Summary For Op Ed News
With appropriate substitutions of nouns, a powerful column written about the South in a Southern newspaper in 1963 is as applicable to the entire United States now as it was to the South then.
March 27, 2007Re: Birmingham And Baghdad; The South In 1963And The United States in 2007; African Americans And Iraqis. From: Dean Lawrence R. Velvel
I shall once again quote a long passage from The Race Beat, by Gene Roberts and Hank Klibanoff. This time the quote is of a quote that they quoted. It is a column written by Gene Patterson, then the Editor of the Atlanta Constitution, after four little girls were killed in the bombing of a Birmingham church in mid September, 1963. The bombing occurred in the midst of a long run of violence by white Southerners. The violence occurred in good part because the “respectable” people of the South let it happen -- and at times encouraged it, either tacitly or more openly.
Patterson’s column was so powerful and moving that, after it was published, an Atlanta CBS station filmed him reading it and used the whole piece. Walter Cronkite likewise ran the whole piece on national television on CBS. Patterson, who normally would get no more than 20 letters about a column, received 1,200 about this one.
My purpose in “running” Patterson’s nearly 44 year old column is this: If you substitute the words “United States” for the word “South,” the word “American” for the word “Southerner,” the name “Iraq” for the name “Birmingham,” and make some other necessary verbal substitutions, and if you remember that Howard Zinn has very rightly called our leaders thugs in suits -- I would place the emphasis on the word “thugs” and would include lots of Senators and Representatives -- then what Patterson wrote is in many unfortunate respects as applicable to the entire United States today as it was to the South in 1963.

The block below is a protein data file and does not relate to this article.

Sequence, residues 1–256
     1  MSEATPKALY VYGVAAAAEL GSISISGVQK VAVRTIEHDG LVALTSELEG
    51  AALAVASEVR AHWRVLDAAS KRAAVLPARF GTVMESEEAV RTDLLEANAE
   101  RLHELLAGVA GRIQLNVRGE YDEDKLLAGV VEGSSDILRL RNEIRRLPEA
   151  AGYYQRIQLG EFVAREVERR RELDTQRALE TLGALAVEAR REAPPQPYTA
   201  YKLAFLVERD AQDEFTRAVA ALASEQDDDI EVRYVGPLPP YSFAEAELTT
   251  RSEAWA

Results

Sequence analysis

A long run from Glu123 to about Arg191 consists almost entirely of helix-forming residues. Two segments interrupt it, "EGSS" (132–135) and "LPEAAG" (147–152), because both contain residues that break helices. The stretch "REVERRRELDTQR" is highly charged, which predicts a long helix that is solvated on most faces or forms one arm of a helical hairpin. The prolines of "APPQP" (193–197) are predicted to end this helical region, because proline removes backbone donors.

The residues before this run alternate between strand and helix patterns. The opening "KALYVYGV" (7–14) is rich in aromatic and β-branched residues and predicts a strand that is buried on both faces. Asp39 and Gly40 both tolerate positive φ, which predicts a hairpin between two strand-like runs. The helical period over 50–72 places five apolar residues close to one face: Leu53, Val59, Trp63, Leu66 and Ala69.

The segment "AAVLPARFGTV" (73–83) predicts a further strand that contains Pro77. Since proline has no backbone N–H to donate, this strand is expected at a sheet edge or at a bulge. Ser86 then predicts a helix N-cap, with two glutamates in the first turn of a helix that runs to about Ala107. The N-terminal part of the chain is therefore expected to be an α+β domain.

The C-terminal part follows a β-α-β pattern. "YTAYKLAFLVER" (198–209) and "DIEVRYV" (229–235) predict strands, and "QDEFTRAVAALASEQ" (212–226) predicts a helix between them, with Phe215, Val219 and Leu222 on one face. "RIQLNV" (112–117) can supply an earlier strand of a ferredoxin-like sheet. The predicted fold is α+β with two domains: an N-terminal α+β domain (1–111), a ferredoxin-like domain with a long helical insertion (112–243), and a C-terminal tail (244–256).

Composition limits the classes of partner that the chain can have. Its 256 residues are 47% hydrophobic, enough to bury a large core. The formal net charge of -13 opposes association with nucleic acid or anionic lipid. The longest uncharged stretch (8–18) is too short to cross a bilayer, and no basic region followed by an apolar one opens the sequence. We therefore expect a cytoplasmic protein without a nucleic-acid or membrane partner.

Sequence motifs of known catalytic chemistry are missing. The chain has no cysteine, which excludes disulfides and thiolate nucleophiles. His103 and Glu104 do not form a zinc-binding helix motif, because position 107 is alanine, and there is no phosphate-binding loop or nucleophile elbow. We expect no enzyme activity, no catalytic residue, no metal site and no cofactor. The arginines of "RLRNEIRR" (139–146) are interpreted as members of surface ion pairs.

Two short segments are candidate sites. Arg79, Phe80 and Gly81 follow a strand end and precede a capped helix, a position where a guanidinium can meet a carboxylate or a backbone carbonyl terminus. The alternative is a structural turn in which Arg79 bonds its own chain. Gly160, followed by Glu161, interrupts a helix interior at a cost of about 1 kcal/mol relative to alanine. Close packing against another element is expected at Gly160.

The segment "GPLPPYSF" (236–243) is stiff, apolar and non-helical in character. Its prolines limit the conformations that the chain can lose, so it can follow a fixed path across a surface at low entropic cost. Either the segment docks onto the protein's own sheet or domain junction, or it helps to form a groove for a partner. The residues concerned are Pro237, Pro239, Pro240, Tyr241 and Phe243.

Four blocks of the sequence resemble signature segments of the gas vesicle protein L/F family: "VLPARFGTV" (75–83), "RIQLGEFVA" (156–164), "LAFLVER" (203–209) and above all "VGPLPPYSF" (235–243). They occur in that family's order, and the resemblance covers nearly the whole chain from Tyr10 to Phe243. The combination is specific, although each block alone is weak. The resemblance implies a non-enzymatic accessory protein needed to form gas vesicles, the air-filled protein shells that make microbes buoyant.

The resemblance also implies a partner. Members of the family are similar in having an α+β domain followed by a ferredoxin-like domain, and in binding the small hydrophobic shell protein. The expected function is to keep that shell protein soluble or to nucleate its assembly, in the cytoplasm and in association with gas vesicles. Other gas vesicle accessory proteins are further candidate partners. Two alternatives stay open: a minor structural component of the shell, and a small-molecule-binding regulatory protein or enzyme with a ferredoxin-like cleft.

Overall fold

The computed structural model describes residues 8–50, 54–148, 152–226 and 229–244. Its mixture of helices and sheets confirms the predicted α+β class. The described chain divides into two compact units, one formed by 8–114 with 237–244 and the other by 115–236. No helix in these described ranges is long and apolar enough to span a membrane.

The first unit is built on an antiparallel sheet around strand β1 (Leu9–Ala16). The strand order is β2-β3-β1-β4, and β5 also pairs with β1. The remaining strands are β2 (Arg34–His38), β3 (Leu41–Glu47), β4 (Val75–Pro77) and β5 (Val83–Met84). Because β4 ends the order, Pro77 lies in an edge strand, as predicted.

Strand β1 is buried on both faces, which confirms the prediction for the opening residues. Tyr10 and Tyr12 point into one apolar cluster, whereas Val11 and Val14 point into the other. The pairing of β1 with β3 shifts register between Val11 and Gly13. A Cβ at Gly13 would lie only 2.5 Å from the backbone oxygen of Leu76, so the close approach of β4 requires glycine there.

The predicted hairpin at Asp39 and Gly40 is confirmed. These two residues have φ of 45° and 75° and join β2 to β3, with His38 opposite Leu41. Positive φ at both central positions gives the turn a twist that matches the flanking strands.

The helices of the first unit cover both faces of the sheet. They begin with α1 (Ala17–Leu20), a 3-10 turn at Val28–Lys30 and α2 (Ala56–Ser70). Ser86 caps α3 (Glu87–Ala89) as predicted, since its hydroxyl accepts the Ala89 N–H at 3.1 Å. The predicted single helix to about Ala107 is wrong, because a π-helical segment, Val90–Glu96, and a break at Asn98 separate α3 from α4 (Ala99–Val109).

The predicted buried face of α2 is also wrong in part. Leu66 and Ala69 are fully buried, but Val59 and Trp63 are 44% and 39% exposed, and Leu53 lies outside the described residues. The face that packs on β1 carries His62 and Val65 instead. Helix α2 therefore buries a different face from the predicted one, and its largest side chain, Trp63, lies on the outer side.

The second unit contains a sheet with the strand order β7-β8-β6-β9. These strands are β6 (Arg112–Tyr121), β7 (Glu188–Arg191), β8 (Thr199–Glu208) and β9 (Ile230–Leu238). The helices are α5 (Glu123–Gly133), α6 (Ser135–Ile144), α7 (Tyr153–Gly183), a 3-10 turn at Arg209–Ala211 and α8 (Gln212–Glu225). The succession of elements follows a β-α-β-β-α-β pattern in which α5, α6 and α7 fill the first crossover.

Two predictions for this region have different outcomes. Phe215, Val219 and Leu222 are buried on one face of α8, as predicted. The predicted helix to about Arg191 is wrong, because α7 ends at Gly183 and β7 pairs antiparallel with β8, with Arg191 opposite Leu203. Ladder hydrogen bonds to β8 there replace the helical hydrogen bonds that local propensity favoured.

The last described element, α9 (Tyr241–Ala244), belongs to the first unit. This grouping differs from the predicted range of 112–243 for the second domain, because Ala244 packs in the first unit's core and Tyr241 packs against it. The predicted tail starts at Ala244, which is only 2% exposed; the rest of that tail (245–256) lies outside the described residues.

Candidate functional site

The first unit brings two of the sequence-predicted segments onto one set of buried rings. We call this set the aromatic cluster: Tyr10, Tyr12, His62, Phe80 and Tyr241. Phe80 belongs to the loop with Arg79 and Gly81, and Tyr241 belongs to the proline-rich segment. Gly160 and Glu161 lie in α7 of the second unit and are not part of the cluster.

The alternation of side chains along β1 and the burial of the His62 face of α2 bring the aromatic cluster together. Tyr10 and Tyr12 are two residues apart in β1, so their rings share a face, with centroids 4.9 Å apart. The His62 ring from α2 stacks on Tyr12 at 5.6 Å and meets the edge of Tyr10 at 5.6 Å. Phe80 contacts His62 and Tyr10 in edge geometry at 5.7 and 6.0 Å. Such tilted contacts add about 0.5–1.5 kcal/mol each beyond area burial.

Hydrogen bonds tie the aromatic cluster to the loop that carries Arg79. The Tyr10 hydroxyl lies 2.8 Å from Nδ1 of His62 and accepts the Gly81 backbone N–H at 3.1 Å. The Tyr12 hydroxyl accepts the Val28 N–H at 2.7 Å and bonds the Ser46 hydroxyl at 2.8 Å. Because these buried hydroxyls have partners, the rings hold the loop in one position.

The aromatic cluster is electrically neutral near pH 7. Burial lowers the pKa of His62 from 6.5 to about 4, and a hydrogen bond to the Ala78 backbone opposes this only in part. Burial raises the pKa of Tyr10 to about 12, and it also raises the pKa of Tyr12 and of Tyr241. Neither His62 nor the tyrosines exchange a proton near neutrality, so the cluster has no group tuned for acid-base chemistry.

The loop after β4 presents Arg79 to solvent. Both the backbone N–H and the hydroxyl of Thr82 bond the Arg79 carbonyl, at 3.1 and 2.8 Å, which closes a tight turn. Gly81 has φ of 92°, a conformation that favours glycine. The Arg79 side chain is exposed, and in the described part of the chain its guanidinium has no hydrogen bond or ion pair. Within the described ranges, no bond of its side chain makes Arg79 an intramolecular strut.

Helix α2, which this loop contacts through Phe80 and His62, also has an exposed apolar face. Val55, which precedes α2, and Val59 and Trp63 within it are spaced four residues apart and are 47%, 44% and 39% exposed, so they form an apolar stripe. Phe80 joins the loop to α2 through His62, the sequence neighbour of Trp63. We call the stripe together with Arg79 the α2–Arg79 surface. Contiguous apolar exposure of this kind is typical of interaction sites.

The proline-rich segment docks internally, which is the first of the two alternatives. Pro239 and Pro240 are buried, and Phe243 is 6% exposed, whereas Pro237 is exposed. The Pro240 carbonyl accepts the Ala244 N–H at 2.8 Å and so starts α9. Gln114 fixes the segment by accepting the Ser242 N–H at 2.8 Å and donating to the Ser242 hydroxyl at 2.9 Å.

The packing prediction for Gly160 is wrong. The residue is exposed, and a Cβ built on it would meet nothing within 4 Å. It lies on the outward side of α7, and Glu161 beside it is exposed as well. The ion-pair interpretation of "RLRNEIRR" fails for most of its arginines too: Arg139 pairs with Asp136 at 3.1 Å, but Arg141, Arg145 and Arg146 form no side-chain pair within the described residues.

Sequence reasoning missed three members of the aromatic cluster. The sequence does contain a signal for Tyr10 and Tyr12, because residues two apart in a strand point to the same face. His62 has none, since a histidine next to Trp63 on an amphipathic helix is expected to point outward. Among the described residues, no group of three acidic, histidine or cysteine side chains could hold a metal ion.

Here is what Patterson wrote:
“A Negro mother wept in the street Sunday morning in front of a Baptist Church in Birmingham. In her hand she held a shoe, one shoe, from the foot of her dead child. We hold that shoe with her.
Every one of us in the white South holds that small shoe in his hand.
It is too late to blame the sick criminals who handled the dynamite. The FBI and the police can deal with that kind. The charge against them is simple. They killed four children.
Only we can trace the truth, Southerner -- you and I. We broke those children’s bodies.
We watched the stage set without staying it. We listened to the prologue unbestirred. We saw the curtain opening with disinterest. We have heard the play.
We -- who go on electing politicians who heat the kettles of hate.
We -- who raise no hand to silence the mean and little men who have their n-word jokes.
We -- who stand aside in imagined rectitude and let the mad dogs that run in every society slide their leashes from our hand, and spring.
We -- the heirs of a proud South, who protest its worth and demand it recognition -- we are the ones who have ducked the difficult, skirted the uncomfortable, caviled at the challenge, resented the necessary, rationalized the unacceptable, and created the day surely when these children would die.